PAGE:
The other option is a gradual shift to a membership practice. Many dollars short of a concierge version which requires an annual fee of $1,000 or more, this concept involves a much smaller cost, say $25/month, which not only brings in the sort of yearly revenue that covers property taxes and hazardous waste disposal, but also benefits members with 24/7 ask-a-nurse access, wellness and nutritional counseling, as well as e-mail access and same-day appts. While there is no requirement to join in order to remain our patients, this nominal-ish sort of fee would be each patient's affirmative vote that small practices reap big satisfaction for all.

Obviously, my language screams of my preference, but we worry, rightly, about 'willingness to pay.' Particularly in light of the new health care legislation, there is increasing belief that health care is a right for which one should not have to pay much at all. Our time frame here is short in terms of decision-making; I'd love to get your opinion--especially from my patients but honestly, from anyone who'd like to chime in--about what you'd like your future relationship to be with us or whomever your PCP may be. Feel free to use my e-mail address or to leave anonymous observations.

Sunday, April 04, 2010

Other people's motives--How do we judge?

As soon as I learned to drive, my parents instructed me to 'lock your doors' when driving at night or through 'certain neighborhoods.' When I moved to Cleveland for internship, my uncle advised me to forget locking my doors in those riskier parts of that city but rather DO NOT drive through them under any circumstance, night or day.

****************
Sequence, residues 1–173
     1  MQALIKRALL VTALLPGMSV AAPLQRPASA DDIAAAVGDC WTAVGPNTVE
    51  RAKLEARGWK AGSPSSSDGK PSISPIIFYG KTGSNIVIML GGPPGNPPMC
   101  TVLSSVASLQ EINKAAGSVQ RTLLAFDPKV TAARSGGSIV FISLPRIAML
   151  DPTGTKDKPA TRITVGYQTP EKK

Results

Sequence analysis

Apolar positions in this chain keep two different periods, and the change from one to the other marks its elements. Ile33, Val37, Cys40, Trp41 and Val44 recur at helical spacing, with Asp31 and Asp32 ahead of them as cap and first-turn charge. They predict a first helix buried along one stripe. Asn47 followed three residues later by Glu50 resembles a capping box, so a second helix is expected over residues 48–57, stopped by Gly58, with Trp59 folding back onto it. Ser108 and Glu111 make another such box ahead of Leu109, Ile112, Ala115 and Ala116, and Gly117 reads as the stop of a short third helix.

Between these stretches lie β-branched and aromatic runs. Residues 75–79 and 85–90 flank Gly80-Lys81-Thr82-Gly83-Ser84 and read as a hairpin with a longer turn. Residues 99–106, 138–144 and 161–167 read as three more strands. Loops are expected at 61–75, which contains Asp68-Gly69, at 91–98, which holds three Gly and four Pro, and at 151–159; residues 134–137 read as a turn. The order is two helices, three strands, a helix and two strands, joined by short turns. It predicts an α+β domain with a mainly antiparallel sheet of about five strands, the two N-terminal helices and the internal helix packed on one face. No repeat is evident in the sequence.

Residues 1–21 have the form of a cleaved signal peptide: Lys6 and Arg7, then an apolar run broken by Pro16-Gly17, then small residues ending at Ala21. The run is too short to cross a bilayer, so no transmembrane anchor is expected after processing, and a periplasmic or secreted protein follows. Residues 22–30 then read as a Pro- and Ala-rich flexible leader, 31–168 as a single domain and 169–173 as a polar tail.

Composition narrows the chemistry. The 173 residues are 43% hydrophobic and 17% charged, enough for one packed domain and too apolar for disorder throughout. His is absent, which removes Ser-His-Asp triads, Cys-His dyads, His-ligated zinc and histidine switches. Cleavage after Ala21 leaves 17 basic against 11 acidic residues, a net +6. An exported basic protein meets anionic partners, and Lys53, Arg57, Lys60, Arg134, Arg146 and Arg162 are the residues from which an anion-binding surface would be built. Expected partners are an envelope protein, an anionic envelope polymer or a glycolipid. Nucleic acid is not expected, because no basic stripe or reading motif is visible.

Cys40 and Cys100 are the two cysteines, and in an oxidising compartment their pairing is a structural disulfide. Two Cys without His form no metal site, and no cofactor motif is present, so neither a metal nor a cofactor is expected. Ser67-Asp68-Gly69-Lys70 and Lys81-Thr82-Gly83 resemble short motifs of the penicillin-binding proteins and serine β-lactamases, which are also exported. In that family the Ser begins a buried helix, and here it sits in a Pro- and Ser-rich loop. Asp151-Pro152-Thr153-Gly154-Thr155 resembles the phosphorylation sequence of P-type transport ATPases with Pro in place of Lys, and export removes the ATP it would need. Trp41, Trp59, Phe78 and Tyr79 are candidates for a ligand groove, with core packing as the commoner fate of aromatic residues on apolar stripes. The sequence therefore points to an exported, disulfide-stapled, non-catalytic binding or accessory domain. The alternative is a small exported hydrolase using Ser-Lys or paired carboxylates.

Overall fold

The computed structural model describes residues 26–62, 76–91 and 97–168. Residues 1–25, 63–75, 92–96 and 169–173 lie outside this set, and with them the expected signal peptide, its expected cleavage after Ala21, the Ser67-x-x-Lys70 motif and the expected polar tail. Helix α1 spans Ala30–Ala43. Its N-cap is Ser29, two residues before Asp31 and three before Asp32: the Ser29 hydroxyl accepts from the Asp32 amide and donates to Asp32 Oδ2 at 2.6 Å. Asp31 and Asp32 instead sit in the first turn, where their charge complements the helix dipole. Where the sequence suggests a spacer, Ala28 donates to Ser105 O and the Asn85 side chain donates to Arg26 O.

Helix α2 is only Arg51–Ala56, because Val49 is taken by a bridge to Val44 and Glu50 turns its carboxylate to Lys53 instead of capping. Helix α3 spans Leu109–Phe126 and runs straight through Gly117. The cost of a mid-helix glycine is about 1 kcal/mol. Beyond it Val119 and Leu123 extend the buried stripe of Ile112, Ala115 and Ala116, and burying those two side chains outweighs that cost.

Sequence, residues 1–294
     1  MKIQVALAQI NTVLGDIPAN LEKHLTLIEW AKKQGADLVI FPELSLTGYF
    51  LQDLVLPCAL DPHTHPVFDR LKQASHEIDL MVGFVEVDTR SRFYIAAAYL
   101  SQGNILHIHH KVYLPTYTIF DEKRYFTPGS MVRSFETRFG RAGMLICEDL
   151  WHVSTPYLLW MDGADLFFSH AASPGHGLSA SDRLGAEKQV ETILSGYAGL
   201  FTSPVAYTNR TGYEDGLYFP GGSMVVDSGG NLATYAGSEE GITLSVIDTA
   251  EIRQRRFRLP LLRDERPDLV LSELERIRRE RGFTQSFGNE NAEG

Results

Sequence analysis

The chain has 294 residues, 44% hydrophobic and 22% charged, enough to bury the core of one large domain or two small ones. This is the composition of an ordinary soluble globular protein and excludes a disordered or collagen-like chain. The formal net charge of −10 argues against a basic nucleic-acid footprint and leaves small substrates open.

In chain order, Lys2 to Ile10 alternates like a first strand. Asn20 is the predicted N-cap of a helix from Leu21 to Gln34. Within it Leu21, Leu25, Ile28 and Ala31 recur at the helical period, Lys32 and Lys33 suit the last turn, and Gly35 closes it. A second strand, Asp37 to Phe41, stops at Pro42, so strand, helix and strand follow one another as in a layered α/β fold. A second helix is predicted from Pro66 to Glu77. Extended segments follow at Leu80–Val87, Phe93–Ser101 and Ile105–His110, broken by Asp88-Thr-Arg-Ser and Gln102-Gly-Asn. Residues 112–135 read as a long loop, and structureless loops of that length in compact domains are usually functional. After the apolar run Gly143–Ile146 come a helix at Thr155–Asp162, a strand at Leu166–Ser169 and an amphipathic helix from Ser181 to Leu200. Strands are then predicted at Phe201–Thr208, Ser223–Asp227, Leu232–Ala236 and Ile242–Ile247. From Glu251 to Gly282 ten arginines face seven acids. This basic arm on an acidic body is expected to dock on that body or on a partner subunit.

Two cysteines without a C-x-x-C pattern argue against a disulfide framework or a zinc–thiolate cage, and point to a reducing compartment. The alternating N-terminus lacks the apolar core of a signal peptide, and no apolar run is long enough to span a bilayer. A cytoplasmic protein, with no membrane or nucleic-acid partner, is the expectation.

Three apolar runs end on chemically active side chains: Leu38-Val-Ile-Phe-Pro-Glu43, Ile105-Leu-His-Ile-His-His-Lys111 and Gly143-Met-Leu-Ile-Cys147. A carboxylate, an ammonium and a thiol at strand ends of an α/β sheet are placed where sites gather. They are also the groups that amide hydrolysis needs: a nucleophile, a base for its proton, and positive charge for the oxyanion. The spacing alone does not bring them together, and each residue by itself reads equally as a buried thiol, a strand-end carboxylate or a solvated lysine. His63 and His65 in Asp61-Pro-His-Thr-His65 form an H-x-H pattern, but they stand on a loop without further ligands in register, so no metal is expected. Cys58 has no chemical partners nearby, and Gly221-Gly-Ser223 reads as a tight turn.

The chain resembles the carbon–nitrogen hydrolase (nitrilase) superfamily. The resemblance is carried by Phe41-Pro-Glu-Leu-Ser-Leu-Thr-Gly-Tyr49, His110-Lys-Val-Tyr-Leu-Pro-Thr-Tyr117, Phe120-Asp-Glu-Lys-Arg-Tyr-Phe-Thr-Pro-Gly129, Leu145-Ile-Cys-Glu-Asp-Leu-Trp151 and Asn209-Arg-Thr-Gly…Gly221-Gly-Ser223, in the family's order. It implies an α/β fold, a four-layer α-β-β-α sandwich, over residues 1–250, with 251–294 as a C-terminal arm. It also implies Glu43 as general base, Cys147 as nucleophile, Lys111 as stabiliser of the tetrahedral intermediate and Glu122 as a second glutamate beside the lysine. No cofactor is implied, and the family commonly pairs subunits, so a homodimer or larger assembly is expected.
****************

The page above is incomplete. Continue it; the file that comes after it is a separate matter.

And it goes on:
With such precautions drummed into me at an impressionable age, I remain ever alert to shady pedestrians at downtown intersections. To my son's dismay, I'll lock the doors if I judge a sketchy passerby likely to open the door and grab my purse or, worse yet, to hop in the passenger seat and abscond with me and/or my car (Oh like that would ever really happen Mo-om!).

Call me paranoid or over-sensitive, but never deny that I have a highly trained right temporoparietal lobe aka the temporoparietal junction (TPJ). Scientists now know that this section of our brain, seated just above the right ear, is vice president in charge of judging other people's motives. Here's how they figured this out.

Patients with brain damage to the TPJ are known to have trouble inferring moral intentions. Social scientist Liane Young and colleagues at MIT decided to test normal subjects with their TPJs intact and turned off. Now who on earth would volunteer for an experiment that involves turning off a section of their brain? Perhaps MIT undergrads feel they have neurons to spare.

Anyway, Young and company used "transcranial magnetic stimulation (TMS), a technology that uses a tightly focused magnetic field to temporarily disable individual regions of the brain." Before and after a magnetic zap to their TPJ, the volunteers read scenarios in which subject A accidentally kills subject B or narrowly misses killing the hapless B on purpose. As opposed to their righteous pre-TMS states of mind, the group post-TMS were much more forgiving of attempted murder.

So what? Well, we know that the TPJ continues to mature through adolescence and beyond, so someday my son will 1) be more forgiving of my heightened sense of other people's malevolent motives, 2) will lock his own darn doors, and 3) will make better choices in general (I hope). In addition, the MIT social scientists are now turning their attention to the TPJs of persons with autism spectrum disorders, conditions in which the ability to 'read' other people is seriously impaired.